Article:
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Davidson Joins with Say Yes to Education to Expand Access

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Say Yes to Education provides holistic support to disadvantaged students and their families.

Davidson College has partnered with Say Yes to Education, which helps organize and galvanize entire communities around the goals of making higher education accessible and affordable for every public high school graduate.

Say Yes, as the national nonprofit organization is more commonly known, announced its newest member institutions today at the annual conference of the National Association for College Admission Counseling, in Indianapolis.

"Davidson is thrilled to join Say Yes as a partner. Davidson has long had a commitment to enrolling talented students, regardless of financial circumstances, and making sure that they thrive while on campus and beyond," said Christopher J. Gruber, Davidson College vice president and dean of admission and financial aid. "We look forward to this new relationship and to working with Say Yes students and their families in the future."

The organization provides holistic support to economically disadvantaged youth and families so that they may graduate from high school, accomplish post-secondary educational success, and achieve meaningful life goals. Supports provided by Say Yes include extended day/year programming, mentoring, tutoring, family services, health care and legal services.

Say Yes's tuition benefits and other supports are available to the families of nearly 65,000 students in pre-kindergarten through grade 12 in every public school in Buffalo and Syracuse, New York. The organization expects to expand to at least one additional city as soon as 2015.

In joining the Say Yes Higher Education Compact, private colleges and universities agree to ensure that most of the students served by the organization-usually those whose annual family income is at or below $75,000-are eligible, at a minimum, to attend tuition-free, subject to the institution's admission and financial aid process. The students must also satisfy residency and other requirements in their particular Say Yes community.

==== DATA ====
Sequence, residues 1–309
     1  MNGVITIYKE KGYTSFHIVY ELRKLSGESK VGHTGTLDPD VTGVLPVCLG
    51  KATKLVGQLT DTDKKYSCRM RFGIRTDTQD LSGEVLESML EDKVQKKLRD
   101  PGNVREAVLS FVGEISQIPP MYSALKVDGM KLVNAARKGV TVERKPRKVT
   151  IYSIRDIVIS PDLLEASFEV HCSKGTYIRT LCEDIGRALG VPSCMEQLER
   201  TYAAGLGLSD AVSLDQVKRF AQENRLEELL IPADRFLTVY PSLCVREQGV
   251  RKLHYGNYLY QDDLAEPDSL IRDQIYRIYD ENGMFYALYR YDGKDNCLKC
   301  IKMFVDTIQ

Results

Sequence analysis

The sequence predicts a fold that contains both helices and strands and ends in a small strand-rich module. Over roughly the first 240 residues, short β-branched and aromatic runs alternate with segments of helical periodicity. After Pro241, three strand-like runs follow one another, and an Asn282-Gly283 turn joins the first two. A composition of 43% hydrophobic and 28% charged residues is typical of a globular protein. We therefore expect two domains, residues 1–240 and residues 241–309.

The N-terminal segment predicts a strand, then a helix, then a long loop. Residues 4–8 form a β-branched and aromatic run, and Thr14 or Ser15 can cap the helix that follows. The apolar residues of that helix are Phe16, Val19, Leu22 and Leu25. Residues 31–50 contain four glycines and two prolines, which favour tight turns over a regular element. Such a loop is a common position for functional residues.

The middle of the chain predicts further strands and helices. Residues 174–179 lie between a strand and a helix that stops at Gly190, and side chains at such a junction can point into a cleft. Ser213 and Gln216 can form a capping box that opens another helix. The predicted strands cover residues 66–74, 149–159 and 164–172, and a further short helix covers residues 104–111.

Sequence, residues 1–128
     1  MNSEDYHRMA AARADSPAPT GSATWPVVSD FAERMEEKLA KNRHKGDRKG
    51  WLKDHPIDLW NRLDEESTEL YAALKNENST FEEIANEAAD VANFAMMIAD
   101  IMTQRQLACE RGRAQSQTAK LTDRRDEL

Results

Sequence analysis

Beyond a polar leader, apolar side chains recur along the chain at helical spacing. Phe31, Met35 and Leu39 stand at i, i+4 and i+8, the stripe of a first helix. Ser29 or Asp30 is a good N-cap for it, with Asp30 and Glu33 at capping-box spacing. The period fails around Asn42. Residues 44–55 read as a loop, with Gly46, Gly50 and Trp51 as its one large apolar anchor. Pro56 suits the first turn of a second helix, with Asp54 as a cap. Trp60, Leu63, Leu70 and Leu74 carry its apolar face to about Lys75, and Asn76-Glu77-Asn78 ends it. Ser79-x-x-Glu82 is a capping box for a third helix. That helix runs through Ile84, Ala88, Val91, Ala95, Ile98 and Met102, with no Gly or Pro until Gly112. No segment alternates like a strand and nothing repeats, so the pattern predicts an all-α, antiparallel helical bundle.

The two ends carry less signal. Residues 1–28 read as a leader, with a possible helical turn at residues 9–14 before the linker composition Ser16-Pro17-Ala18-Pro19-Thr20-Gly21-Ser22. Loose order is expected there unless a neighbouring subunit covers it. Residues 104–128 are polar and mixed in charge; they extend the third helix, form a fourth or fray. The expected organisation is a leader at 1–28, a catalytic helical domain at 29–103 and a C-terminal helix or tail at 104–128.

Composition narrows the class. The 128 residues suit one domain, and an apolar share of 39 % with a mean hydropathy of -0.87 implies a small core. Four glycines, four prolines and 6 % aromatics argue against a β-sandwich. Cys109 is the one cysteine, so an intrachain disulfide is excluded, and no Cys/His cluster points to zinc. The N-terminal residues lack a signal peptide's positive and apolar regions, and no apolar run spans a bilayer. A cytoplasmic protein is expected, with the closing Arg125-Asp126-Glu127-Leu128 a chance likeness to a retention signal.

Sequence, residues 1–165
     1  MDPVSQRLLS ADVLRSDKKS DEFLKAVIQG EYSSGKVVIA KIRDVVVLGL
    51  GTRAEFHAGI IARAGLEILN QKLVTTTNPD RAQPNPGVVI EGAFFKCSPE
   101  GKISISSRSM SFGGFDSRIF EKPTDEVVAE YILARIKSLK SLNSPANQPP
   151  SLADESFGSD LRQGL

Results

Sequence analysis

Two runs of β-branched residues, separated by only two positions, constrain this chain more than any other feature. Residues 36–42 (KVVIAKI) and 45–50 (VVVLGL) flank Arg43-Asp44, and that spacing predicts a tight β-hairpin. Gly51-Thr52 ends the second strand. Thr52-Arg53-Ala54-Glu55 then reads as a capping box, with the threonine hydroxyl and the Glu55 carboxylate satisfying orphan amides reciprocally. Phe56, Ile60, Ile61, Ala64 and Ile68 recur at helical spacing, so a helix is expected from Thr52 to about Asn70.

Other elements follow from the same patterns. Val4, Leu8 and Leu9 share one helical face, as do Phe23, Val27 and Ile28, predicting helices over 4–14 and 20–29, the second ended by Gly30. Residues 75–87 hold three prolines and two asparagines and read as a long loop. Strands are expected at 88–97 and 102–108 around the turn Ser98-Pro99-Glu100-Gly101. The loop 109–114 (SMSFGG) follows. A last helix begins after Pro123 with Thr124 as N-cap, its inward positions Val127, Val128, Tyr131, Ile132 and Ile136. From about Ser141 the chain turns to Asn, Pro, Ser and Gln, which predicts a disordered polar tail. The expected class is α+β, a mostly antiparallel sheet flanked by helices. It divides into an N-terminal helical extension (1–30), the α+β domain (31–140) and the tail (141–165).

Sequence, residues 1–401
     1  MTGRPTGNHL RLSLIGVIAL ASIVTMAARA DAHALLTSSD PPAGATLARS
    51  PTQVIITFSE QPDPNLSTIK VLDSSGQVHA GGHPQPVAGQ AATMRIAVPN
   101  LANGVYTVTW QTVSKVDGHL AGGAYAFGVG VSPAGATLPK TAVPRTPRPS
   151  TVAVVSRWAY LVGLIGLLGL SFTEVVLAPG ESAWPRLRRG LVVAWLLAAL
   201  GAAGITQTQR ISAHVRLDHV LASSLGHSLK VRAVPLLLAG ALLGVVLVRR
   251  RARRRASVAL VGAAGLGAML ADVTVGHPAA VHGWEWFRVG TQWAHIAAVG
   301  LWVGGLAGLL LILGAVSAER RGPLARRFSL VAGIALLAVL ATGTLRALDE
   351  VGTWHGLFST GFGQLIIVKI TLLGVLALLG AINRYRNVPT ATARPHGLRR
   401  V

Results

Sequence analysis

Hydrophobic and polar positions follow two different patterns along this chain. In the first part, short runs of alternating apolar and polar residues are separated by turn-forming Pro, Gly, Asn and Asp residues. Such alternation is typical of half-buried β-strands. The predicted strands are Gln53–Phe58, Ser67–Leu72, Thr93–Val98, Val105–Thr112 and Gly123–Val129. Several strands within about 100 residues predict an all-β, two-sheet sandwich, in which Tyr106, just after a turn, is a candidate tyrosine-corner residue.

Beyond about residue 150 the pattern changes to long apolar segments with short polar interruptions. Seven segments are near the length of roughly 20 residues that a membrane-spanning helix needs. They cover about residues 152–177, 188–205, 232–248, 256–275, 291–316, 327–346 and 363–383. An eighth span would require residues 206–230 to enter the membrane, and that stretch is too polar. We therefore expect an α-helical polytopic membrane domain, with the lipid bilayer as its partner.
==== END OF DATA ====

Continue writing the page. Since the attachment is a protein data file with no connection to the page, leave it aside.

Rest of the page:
Say Yes students whose family income is above $75,000 and who are enrolled in a member institution are eligible to receive annual grants from the organization itself of up to $5,000.

The first students who may apply under the new partnership agreements are those seeking to enroll in college in fall 2015.

Options & Outcomes

Along with Davidson, the newest member institutions are: Colorado College in Colorado Springs, Colo.; Franklin & Marshall College in Lancaster, Pa.; Lycoming College in Williamsport, Pa.; Occidental College, Pitzer College and the University of Southern California in Los Angeles, Calif.; Stanford University in Palo Alto, Calif.; and Texas Christian University in Fort Worth, Texas.

With the addition of its new partner institutions, 69 private colleges and universities are Say Yes members. Among the members are Colgate University, Cornell University, Duke University, Harvard University, the Massachusetts Institute of Technology, Princeton University, Rensselaer Polytechnic Institute, Rice University, the University of Pennsylvania and Yale University.

Say Yes, which has its headquarters in New York City, was founded in 1987 by money manager George Weiss. Its mission has evolved over its 27-year history. For two decades Say Yes offered an array of services-and ultimately full-tuition college scholarships-to select groups of public school students. While Say Yes adopted a citywide approach in 2008, college scholarships are still available to several hundred students in the organization's earlier chapters in Harlem in New York City; and Philadelphia and Hartford, Conn.

Mary Anne Schmitt-Carey, the president and chief executive of Say Yes, commented on the broad range of choices the newest class of Say Yes' higher education partners represents for Say Yes Scholars.

"Say Yes wants its students to have access to the enrichment and educational options – as well as the positive outcomes – that children and families in more affluent communities demand,'' Schmitt-Carey said. "Our generous higher education partners not only offer Say Yes Scholars the prospect of affording a high-quality postsecondary education, but those institutions also provide the supports that students may need to succeed in graduating, including students from low-income and other backgrounds that have been underrepresented historically on college campuses."

Schmitt-Carey noted the organization's geographic reach – institutional partners are located in 16 states and the District of Columbia – and its partnership with Southwest Airlines. Southwest makes available a limited number of vouchers covering the full cost of a round-trip airline ticket that Say Yes Scholars, and an accompanying adult, can use to visit the campuses of its member institutions.

In Syracuse and Buffalo, graduates of the cities' public high schools are also eligible, regardless of family income, for up to 100 percent of the tuition needed to attend any public, two- or four-year college or university in New York State to which they are accepted. The scholarships are funded by local donors – including individuals, families, foundations and businesses-in those cities.

Nearly 4,000 high school graduates have attended college with the support of Say Yes since the organization's inception. Learn more about Say Yes.